Emulating Christ’s Spirit of Humility and Service
Rdgs: (1st: Ex 12, 1-8; Ps 115; 2nd: 1Cor, 11, 23-26: Gos: Jn 13, 1-15)
This brief reflection was written by Rev. Fr. Njoku Canice Chukwuemeka, C.S.Sp. He is a Catholic Priest and a Member of the Congregation of the Holy Ghost Fathers and Brothers (Spiritans). He is currently working at the Sanctuario del Espiritu Santo, en Dorado, Puerto Rico, del Internacional Grupo Espiritano De Puerto Rico – Republica Dominicana. For more details and comments contact him on: firstname.lastname@example.org, email@example.com.
Holy Thursday is both the day of the institution of the Holy Eucharist and our birthday as both sacramental and ministerial Priests. So, I will like to begin this brief reflection by congratulating all of us, the faithful. It is a day of rededicating and re-consecrating ourselves in humility as Christ did by washing the feet of his disciples and feeding them. It is a day of re-presenting ourselves for service and mission in God’s vineyard and towards our brothers and sisters.
Today the Church celebrates the wonderful gift of God to her and the entire world – the institution of the Holy Eucharist or, the Mass. The Eucharist is the food that God has generously and providentially made available to us in order to nourish us on our spiritual journey. According to Pope Francis, “The Eucharist is not just a weekly way of celebrating our faith, but should radically affect our relationship with others, especially with those most in need.” The Eucharist gives us the grace to feel forgiven and be ready to forgive others. We go to Mass, not because we are worthy or want to appear better than others. Rather, it is because we know that we are always in need of God’s love, grace, and mercy that come to us through the body and blood of Christ. This is also, because the Eucharist affects the life of our Christian communities. So, it is from the Eucharist that we as a Church receive our identity and mission.
The institution of the Holy Eucharist by Christ on Holy Thursday equally marks the institution of the ministerial priesthood. So, the priesthood is both God’s gift and a mystery. Gifts are free offers made to one who is willing to accept or reject them. Thus, by describing priesthood as a gift, it simply means that God is the one who freely calls and, decides who to call. The mystical nature of the priesthood derives first, from the lives of Melchizedek and Christ, the high priests. This mystical nature also comes to its full at the Lord’s Supper on Holy Thursday and at every Mass. That is, the consecration of bread and wine, which is transformed into the real body and blood of Christ. Who then is the priest? He is the defender of the truth, who stands with the angels, gives glory with archangels, causes sacrifices to rise to the altar on high, shares Christ’s priesthood, refashions creation, and restores it in God’s image.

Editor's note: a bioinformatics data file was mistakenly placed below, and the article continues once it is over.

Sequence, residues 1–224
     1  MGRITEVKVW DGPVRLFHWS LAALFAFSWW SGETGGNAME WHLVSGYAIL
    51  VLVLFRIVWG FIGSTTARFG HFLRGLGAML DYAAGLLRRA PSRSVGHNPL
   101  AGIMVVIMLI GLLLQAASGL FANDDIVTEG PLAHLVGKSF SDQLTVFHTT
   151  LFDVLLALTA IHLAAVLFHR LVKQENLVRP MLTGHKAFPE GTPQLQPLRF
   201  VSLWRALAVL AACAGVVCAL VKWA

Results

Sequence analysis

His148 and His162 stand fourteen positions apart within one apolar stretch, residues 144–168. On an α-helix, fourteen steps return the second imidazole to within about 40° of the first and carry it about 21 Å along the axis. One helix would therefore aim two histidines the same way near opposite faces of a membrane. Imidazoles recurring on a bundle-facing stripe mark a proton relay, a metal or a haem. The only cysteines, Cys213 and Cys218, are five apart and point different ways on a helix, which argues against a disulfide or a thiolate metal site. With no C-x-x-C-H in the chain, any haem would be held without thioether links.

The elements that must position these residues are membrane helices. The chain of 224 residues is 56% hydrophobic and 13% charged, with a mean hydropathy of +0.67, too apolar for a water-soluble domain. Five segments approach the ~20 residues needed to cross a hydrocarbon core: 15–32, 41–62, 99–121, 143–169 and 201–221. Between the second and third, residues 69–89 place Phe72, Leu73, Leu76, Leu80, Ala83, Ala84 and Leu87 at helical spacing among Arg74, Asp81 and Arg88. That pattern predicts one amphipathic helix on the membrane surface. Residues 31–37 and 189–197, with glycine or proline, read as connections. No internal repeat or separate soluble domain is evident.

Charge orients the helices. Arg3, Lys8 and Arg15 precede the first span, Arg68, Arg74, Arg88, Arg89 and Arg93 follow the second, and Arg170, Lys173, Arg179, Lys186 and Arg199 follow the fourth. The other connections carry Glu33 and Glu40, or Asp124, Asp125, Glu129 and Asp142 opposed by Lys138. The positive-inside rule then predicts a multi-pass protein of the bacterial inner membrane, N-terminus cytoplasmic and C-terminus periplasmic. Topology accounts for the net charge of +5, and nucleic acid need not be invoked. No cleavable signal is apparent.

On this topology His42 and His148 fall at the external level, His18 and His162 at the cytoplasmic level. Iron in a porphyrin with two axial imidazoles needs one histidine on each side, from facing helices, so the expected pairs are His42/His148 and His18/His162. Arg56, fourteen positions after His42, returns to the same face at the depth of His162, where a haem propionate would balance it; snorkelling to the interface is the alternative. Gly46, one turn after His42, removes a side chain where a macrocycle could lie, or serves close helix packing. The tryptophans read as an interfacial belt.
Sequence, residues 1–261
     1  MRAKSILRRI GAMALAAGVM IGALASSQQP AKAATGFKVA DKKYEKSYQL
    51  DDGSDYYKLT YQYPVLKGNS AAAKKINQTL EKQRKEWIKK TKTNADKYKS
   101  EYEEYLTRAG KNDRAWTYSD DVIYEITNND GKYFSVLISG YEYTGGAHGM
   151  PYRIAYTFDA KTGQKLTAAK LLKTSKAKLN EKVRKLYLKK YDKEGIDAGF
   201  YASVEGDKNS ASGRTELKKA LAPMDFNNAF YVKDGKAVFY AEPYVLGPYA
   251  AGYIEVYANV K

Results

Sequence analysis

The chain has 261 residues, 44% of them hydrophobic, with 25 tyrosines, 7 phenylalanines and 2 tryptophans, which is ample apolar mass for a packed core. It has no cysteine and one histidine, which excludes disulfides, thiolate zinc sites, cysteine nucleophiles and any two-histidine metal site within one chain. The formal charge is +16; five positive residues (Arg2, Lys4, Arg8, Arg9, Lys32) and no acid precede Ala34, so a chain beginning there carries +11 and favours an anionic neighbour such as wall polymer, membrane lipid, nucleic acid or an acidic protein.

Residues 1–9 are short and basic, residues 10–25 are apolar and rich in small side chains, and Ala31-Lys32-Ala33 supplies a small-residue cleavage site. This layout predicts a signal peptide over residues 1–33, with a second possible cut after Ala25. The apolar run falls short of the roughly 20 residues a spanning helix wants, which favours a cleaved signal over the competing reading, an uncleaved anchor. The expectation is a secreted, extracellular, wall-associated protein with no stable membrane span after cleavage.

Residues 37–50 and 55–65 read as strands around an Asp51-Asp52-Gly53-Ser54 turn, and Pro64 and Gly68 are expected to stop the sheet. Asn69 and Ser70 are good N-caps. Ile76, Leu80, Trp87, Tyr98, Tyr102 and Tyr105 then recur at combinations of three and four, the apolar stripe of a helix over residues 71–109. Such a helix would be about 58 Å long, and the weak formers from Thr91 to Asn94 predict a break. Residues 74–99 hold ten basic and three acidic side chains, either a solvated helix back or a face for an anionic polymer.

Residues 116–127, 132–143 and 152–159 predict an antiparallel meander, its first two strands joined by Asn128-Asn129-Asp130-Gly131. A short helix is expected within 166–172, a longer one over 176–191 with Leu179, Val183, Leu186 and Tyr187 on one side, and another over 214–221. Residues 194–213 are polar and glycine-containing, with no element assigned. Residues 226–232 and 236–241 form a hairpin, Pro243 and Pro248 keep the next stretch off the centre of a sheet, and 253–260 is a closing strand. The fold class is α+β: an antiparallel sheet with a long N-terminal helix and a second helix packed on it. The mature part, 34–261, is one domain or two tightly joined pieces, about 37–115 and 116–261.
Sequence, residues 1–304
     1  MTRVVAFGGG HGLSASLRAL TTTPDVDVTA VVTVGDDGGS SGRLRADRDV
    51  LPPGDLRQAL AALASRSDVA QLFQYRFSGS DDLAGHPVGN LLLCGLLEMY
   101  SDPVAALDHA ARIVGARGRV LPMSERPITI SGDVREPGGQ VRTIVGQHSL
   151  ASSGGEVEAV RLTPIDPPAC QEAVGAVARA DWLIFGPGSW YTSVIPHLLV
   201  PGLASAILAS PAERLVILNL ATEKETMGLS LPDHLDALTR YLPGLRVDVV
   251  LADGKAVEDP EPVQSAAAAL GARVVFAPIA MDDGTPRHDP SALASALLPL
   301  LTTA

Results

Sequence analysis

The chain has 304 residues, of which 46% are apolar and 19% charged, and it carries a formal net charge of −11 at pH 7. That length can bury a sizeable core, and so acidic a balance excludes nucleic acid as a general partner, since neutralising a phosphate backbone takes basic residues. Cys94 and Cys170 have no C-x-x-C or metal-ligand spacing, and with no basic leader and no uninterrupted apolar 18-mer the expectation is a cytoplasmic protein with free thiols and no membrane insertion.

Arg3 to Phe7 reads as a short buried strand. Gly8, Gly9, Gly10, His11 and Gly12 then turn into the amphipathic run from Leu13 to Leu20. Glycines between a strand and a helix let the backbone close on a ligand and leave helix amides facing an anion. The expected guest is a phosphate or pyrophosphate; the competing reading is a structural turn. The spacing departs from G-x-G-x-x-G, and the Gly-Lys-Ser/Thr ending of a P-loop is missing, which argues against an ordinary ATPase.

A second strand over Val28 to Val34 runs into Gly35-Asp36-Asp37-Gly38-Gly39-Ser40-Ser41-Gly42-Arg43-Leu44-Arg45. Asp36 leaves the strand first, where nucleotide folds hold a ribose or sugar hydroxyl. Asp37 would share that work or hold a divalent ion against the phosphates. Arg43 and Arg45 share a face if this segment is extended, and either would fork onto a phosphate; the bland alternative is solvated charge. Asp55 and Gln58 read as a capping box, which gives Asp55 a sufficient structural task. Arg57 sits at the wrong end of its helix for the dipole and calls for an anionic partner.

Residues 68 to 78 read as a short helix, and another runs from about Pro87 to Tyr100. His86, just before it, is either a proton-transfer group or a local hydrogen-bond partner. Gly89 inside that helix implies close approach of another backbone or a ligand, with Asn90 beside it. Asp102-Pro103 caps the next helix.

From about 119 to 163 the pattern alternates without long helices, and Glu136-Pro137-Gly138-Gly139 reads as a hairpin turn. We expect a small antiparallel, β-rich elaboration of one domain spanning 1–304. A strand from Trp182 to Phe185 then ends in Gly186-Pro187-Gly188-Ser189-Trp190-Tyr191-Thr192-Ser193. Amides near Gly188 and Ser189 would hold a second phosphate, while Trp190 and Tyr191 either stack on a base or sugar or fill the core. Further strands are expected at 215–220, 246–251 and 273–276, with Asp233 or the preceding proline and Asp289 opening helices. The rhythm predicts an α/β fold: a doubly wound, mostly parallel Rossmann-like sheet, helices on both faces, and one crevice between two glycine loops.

Finally, today we must emulate the Humility of Jesus. In today’s Gospel, he chose to wash the feet of his disciples. He also feed them not only with physical food but also, with spiritual food. This is in order to show and teach us that we must be ready to serve our brothers and sisters. Instead of struggling to be the leader and the chief at all times, let us like Jesus, aspire to be the servant of others. The joy of working in the vineyard of the lord comes mostly from serving others, rather than from being served. However, this is possible only through a humble heart prepared for service. Once again, congratulations to all of us the faithful of God, who love Jesus in the Holy Eucharist and who love his Priests.
Peace be with you all!